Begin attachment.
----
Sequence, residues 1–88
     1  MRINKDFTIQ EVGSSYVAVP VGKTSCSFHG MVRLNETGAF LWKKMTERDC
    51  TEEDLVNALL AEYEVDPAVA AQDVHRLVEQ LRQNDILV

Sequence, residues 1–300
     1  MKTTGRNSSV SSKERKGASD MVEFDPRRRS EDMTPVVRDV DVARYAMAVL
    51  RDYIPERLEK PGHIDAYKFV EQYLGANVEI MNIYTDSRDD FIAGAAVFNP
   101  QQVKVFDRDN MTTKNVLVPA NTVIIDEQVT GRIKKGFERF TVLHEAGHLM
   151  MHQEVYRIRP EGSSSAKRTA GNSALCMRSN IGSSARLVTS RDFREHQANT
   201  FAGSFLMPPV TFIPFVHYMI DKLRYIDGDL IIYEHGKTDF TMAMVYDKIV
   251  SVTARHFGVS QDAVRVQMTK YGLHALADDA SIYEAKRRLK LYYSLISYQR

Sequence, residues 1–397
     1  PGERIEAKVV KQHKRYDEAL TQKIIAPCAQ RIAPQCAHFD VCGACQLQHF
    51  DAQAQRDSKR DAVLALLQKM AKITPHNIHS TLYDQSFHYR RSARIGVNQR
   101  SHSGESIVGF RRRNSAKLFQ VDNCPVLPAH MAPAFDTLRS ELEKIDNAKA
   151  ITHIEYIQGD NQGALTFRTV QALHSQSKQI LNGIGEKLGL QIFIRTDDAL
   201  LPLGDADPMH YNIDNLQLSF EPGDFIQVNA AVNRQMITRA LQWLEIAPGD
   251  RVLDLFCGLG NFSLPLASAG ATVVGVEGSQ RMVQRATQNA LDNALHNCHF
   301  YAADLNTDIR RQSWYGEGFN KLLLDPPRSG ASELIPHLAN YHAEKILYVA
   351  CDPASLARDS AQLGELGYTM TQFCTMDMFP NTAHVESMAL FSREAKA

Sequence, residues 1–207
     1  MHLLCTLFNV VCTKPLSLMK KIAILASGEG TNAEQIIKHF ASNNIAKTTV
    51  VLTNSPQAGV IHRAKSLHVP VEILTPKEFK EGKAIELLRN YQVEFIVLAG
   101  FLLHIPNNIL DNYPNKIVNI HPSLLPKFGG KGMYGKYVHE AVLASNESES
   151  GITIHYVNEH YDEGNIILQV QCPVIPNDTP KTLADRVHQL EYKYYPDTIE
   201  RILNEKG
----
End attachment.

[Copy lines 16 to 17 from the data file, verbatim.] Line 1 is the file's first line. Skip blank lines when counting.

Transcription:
   201  LPLGDADPMH YNIDNLQLSF EPGDFIQVNA AVNRQMITRA LQWLEIAPGD
   251  RVLDLFCGLG NFSLPLASAG ATVVGVEGSQ RMVQRATQNA LDNALHNCHF